News • Cardiovascular Network of Canada — CANet



First Nations, Inuit and Métis

The First Nations, Inuits and Métis theme is led by Dr. Malcolm King, a member of Mississaugas of the Credit First Nation, and Dr. Alexandra King, a member of the Nipissing First Nation (Ontario), both from the University of Saskatchewan, Saskatoon, SASK, Canada. The CHF Alliance focuses on reconciliation research. Using etuaptmumk (Two-eyed Seeing)(1), we seek to interweave Indigenous ways of knowing, being and doing with Western science and to work with Indigenous peoples to improve the prevention, early diagnosis and treatment of HF. The vision is to find the harmonies between Indigenous and Western approaches to create sustainable, community-centered, culture-based approaches to HF research and care. Mitewekan – Indigenous advisory council Through to the establishment of Mitewekan (Cree word meaning “The spirit behind the heartbeat”), the network will reconceptualize HF to reflect Indigenous ways of knowing and being (2), and work with Indigenous people to learn how to best to incorporate Indigenous ways of doing in the prevention and care of HF. Mitewekan is a partnership between the Pewaseskwan Indigenous Wellness Research Group at the University of Saskatchewan, The Key First Nation, the Yorkton Tribal Council, the Cardiovascular Network of Canada (CANet) and the CHF Alliance. It’s made up...

February Heart Month — 10 Healthy Heart Tips

Up to 80% of premature heart disease and stroke cases are preventable through healthy lifestyle behaviours and habits. Here are 10 tips to help strengthen your heart health: 1. Add plant foods to your diet.1 Focusing on what you CAN’T eat isn’t always an effective way to alter your eating habits. The recently published “Portfolio Diet” is an evidence-based eating plan centered on what you can ADD to your menu. The diet incorporates nuts & seeds, plant protein, fiber, plant sterols, and oils – all of which help to lower your cholesterol and your risk of heart disease. Click here to access the Portfolio Diet info-graphic.   2. Get moving.2 When done regularly, moderate- and vigorous-intensity physical activity lowers your blood pressure and improves your blood cholesterol. A nutritious diet and physical activity in combination can help you to maintain a heart-healthy weight.   3. Stop smoking.3 Tobacco use increases your risk of developing heart disease and stroke. Smoking contributes to plaque buildup in your arteries, increases the risk of blood clots, reduces the oxygen in your blood, and makes your heart work harder. The benefits of quitting smoking begin to take effect immediately after your last cigarette and within...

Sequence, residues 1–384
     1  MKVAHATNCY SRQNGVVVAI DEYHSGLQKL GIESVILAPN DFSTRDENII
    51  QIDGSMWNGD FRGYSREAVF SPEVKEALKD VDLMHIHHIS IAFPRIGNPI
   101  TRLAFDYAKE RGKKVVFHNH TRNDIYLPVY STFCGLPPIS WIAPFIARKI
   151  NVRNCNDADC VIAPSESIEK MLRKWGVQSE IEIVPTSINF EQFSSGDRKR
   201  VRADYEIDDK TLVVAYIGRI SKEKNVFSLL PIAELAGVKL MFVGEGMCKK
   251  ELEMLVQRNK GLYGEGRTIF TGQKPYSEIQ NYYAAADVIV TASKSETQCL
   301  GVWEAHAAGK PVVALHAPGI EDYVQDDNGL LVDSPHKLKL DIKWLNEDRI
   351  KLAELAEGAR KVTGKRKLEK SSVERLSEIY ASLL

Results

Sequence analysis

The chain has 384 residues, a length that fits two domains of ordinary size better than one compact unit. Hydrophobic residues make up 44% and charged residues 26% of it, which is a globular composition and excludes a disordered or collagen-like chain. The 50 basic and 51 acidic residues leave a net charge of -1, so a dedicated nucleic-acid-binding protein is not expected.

Why Promoting Representation is Critical to Advancing Cardiac Care for Canadian Patients

This non-profit is leading the way when it comes to diversity, equity, and inclusion, not only within its direct network, but with patients. Women’s visibility for their contributions to science, technology, engineering, and mathematics (STEM) has gradually improved over the years as governments, academic institutions, and businesses put funding into their equity, diversity, and inclusion (EDI) initiatives. For years, science, technology, engineering, and mathematics have been predominantly male-dominated fields. It’s a trend that organizations like CANet — the Cardiovascular Network of Canada — are working to change, recognizing the significant barriers to entry that underrepresented groups not only face when joining these industries, but the role representation and equity must have in critical research and moving the fields forward. This vision isn’t new for CANet, who have been working to embed equity into their network for many years. “We want to turn the tides in what has been historically, a male-dominated field,” says Dr. Anthony Tang, Cardiologist and CEO, Scientific Director of CANet. We want to see equal, patient-oriented care, at the highest level, for everyone. Dr. Anthony Tang CANet, a non-profit, was established nearly a decade ago, built with the aim of promoting research and development in the cardiovascular...
Meet Leighton

Meet Leighton

"Working in the military, you get to a breaking point from time to time, and so I had taken up hockey to get my mind in check. I told people how much it was helping, and then on January 10th, 2016, I had my heart attack at 38 years old."
Cardiovascular Network of Canada enhances its digital health platform VIRTUES, optimizing the delivery of cardiac care to patients in all regions across Canada

Cardiovascular Network of Canada enhances its digital health platform VIRTUES, optimizing the delivery of cardiac care to patients in all regions across Canada